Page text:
While this was going on, I was also taking temps of the water as it exits the pile. This was far less encouraging. Initially, the first 10 gallons of water were wicked hot – essentially pile ambient of 124 or so. However, very soon after temps dropped quickly and by the time 20-30 gallons had gone through the pile water temps at pile exit were down to 64. Oi! However with only a few minutes of thinking this through several glaring design flaws were identified — a direct result of my planning this on the fly. First off – 530′ of hose sounds like ALOT of hose. And it is, but given the small internal dimensions, even at 530′ total water in the hose is under 30 gallons, and probably closer to 24. That means at the 8gpm, fresh water only had 3 minutes in the pile. That is not nearly enough time to pull in much heat as was proven by the small temp gain. Also, using rubber coated garden hose was an expedient, but not well thought out, tubing choice. The rubber is almost certainly acting as an insulator, reducing the piles ability to conduct heat into the water. Finally, starting with 52 degree water means I have a long way to go to get to my goal of 120.
- Midden will heat 110 gallons of water to well over the 100 degrees needed for methane production
- Water cooling is sufficent to regulate drum temps to within 95-100 degrees despite being in a 130 degree pile
- Current configuration will not heat water sufficiently for domestic water use.
Due to some upcoming events – a tour of our home gardens by the Madison Permaculture Guild and my workshop at the MREA I am postponing charging the methane digesters with material until 6/22 at the earliest. That said, there is still enough time for some tinkering, so I decided to play with the hot water side as those results were really disappointing.
Modification #1: Closed Loop Water Heating
So, while the results of the outlet temps are discouraging, there are some nuggets in there to be excited about upon reflection. First off – I am getting 10 degree rise in a matter of minutes at a relatively high flow rate. There is an immense amount of heat energy in the pile – sitting near it on a still day you can feel it radiate off– I juts need to find a better way to capture it. An obvious choice is to close the water system by pumping it right back into the pile. To accomplish this I need to get one of the pumps I bought for the Appleseed Biodiesel processor from Patrick’s house. A quick call explaining what I am up to was more than enough to have Patrick excited enough to come over.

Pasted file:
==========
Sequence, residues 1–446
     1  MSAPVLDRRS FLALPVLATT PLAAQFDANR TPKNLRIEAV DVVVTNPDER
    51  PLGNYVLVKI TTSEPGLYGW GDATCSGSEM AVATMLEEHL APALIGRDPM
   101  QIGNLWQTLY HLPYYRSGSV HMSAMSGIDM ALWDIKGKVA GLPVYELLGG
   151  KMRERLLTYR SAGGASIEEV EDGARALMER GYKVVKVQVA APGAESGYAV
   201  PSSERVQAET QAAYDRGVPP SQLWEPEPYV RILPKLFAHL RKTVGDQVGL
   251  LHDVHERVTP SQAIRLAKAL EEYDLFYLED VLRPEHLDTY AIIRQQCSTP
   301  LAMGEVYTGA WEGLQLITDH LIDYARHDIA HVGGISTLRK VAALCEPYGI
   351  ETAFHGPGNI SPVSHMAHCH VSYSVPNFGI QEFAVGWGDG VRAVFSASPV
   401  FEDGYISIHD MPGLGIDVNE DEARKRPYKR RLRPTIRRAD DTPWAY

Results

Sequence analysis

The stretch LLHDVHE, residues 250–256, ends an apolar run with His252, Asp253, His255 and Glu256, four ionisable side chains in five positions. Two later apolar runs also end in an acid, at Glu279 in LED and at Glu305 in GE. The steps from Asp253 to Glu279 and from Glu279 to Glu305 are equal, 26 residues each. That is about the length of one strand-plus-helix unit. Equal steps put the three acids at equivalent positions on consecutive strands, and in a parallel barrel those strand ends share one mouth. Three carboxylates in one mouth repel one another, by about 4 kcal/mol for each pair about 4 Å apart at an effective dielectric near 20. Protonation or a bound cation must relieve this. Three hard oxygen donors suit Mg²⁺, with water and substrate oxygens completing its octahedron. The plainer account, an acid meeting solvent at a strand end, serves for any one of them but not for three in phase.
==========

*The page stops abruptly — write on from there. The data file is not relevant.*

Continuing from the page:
Patrick forgets more about electronics over breakfast than most of us ever knew. His day job is building and piloting underwater remote operated vehicles – like the ones that found the Titanic and are trying desperately to staunch the leak in the gulf. Patrick has also been to Antarctica a few times to help them fix their equipment. On top of all that, he is wicked smart and wants to save the world. He also has a pole barn that he lets me store alot of my stuff in. Good guy to have around. I called Patrick to see if I could get one of my pumps, and he came over the next day, not only with my pump, but with it mounted to a base and with a slick motor controller so we would play with flow rates. Did I mention I like Patrick?
The pump is our “do anything” pump that we use from everything from ethanol to biodiesel to syngas cooling to this. $40 from Harbor Freight, close to indestructible, and will pump up to 650 gph with its .5 hp motor. We have 5 or 6 laying around or in use at any time. However, 650 gph (10.8 gpm) is too fast hence the motor controller – which is essentially a dimmer switch for electric motors.